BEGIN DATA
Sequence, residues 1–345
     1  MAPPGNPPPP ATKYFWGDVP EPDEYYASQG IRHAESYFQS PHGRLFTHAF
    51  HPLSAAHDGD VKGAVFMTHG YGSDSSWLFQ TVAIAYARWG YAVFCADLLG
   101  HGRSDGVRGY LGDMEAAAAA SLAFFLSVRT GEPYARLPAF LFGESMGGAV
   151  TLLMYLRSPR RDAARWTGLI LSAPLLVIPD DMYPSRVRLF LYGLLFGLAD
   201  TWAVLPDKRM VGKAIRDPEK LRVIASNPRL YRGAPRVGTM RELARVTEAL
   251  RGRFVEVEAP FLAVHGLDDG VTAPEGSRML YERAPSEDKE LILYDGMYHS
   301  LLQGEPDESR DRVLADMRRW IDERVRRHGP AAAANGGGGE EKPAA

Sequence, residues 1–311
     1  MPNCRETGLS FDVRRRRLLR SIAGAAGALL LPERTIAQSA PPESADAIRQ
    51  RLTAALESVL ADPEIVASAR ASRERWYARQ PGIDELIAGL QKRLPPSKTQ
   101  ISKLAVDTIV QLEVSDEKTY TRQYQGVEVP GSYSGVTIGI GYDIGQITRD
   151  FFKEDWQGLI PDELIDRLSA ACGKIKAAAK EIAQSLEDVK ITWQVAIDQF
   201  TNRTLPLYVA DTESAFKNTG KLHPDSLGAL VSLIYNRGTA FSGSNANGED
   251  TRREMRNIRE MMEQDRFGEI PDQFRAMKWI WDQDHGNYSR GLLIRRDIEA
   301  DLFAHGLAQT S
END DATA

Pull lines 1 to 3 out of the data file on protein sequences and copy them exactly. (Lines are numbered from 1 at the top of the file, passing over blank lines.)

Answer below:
Sequence, residues 1–345
     1  MAPPGNPPPP ATKYFWGDVP EPDEYYASQG IRHAESYFQS PHGRLFTHAF
    51  HPLSAAHDGD VKGAVFMTHG YGSDSSWLFQ TVAIAYARWG YAVFCADLLG